More interestingly, HAL is positioning the LUH as a product with potential civil application. This has been revealed during formal and informal interactions. A video shared on Twitter by Journalist Anantha Krishnan M (@writetake) quotes HAL’s Chief Test Pilot Wg Cdr Unni Pillai (retd):
— Anantha Krishnan M 🇮🇳 (@writetake) February 5, 2020
Unni Pillai is CTP and represents HAL’s cutting edge. He is understandably proud of his team’s achievement. In the short video, Unni explains that LUH is HAL’s “third design” (the others being ALH Dhruv and Light Combat Helicopter LCH). In next 4-5 years, HAL hopes to complete their “fourth design” – the Indian Multi Role Helicopter (IMRH), he states.
Just over 550+ flights down a prototype program, Unni endorsed the LUH as “an excellent machine, extremely reliable”. The model on display is in VIP configuration, seating four. There is a palpable civil pitch in the static display. “It is a military aircraft right now, but it’ll be in the civil variant soon”, he adds.
The last line is particularly important because right at the prototype stage HAL has set its eyes on the civil customer. This is significant and shows HAL’s willingness to engage with customers from the civil segment.
Large parts of hilly terrain in north and northeast India today are serviced by single-engine helicopters like Bell Flight’s Bell 407, Airbus Helicopters’ AS350 B3 Ecureuil, etc. If the indigenous LUH, designed to meet exacting requirements of army and IAF, is able to prove its mettle in the civil world, it can potentially offer a competing product to Indian operators, especially in the heli-tourism sector.
But many a slip between the cup and lip. HAL’s primary focus on satisfying military customers has come at the cost of benign neglect for civil variants. Past examples hardly add shine to present day claims. The cookie often crumbles when you encounter world-class competition outside the high walls of HAL. Their last civil-certified copter was the 5.5-ton ALH Dhruv. Civilian customers of the Dhruv today are limited to Border Security Force (BSF), Jharkhand government, Pawan Hans Limited (PHL) and a few other government agencies, totalling just 4-5 helicopters in a country with about 350 civil helicopters. That’s an unenviable 1.4% market share which HAL should definitely look to improve.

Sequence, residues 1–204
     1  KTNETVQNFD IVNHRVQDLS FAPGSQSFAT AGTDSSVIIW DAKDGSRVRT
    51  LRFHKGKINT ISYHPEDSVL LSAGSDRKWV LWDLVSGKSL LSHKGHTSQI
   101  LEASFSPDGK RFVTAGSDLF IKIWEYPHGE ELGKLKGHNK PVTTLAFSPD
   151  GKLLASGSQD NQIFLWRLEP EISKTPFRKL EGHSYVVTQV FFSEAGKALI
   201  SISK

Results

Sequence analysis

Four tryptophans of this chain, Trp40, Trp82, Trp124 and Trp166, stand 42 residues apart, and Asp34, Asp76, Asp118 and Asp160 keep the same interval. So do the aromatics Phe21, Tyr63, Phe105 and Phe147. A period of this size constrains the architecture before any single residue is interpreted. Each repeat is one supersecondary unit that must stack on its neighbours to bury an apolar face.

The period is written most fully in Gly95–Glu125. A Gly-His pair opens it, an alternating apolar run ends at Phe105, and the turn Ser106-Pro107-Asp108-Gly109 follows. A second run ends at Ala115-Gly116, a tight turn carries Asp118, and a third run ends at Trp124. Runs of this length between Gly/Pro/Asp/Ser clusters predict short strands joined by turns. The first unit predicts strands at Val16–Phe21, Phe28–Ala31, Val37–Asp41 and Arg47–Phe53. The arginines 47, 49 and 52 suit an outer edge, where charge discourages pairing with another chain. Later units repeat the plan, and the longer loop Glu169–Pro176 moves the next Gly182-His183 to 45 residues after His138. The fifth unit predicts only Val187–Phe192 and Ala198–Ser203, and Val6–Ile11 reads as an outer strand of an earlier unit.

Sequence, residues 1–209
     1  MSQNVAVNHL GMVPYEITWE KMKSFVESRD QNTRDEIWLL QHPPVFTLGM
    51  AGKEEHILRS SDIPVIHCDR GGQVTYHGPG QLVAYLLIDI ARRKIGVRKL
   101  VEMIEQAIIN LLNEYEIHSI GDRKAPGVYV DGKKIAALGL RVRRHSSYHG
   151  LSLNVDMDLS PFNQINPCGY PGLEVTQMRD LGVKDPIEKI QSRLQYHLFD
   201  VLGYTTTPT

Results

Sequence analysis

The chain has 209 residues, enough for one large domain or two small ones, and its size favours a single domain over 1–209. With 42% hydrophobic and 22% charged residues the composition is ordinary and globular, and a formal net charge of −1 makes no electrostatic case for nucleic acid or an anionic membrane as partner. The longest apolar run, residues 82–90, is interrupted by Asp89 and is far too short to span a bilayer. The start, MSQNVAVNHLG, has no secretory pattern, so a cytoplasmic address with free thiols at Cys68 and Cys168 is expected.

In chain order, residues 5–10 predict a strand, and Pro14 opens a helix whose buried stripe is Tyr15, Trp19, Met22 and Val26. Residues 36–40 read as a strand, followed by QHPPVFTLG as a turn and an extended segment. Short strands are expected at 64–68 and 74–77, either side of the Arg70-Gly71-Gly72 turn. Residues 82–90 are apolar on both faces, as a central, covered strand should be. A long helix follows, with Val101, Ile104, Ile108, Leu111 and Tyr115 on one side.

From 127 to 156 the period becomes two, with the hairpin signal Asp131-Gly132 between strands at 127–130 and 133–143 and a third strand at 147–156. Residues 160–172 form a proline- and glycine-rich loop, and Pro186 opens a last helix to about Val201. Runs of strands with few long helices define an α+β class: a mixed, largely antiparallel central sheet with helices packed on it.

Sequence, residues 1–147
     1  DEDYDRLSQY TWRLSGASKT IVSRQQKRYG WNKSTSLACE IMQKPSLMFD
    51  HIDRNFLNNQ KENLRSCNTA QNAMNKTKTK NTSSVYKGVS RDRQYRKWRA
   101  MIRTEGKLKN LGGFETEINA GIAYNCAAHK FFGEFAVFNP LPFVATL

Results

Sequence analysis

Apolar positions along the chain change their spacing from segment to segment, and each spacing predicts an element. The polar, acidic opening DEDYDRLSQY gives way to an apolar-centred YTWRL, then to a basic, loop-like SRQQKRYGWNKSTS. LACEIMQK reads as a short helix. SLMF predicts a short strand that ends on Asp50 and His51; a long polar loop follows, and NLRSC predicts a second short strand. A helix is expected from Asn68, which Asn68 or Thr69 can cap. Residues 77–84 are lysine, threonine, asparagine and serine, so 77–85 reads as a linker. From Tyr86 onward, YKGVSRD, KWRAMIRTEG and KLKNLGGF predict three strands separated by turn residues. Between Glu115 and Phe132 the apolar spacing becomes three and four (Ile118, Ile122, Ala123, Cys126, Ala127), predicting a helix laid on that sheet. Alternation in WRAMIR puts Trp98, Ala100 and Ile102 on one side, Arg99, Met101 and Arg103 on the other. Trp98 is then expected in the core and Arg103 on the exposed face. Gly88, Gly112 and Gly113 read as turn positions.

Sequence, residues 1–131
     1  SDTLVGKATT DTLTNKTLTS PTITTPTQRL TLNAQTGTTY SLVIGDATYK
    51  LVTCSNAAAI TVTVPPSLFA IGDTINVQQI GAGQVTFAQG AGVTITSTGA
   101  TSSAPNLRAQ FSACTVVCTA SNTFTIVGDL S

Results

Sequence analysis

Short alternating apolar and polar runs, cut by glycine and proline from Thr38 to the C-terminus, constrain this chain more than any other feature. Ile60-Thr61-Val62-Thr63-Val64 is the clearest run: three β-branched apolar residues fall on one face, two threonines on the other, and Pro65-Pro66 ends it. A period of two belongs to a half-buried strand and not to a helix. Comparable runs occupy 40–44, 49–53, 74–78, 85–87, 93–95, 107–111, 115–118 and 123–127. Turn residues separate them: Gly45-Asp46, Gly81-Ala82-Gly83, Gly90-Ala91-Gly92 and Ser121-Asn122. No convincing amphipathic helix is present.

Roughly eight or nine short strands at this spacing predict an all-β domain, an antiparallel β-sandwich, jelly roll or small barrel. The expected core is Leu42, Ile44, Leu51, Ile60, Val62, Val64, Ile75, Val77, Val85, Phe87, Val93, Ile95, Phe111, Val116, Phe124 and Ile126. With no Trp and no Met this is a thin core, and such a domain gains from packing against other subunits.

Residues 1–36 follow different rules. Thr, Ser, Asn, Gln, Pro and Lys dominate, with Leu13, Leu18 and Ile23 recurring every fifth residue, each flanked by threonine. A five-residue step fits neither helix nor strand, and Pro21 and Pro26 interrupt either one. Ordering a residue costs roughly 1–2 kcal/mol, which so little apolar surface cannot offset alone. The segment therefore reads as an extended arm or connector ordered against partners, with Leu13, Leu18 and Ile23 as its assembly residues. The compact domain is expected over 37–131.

HAL’s forays with Dhruv into the international market did not meet with much success either. Ecuador cancelled their contract in 2015 after a spate of crashes. Indian government pushed the helicopter into Mauritius and Maldives where a military variant is operated by Indian crew. The offshore market in India is ‘NO GO’ for performance class 3 (single-engine) helicopters, even if equipped with Emergency Flotation Gear (EFG). The Indian Navy doesn’t seem inclined to rethink its options either.
The odds are daunting. How HAL plans to beat this challenge with the nascent LUH remains to be seen. The 2 to 3-ton category is packed with top-of-line helicopters certified to FAA and EASA standards. They have been carrying the load for years world over while HAL continued to service users from Indian armed forces. The LUH has to bring real value addition to the civilian customer in India already grappling with regulatory overload and high operating costs – the universal bane of helicopters. Unlike armed forces, civil operators are not inclined to toe any ‘make in India’ line unless it makes business sense. Market forces and best performers outshine ‘white elephants’ overnight in civil aviation. Look around the landscape at any civil airport or heliport if you need evidence.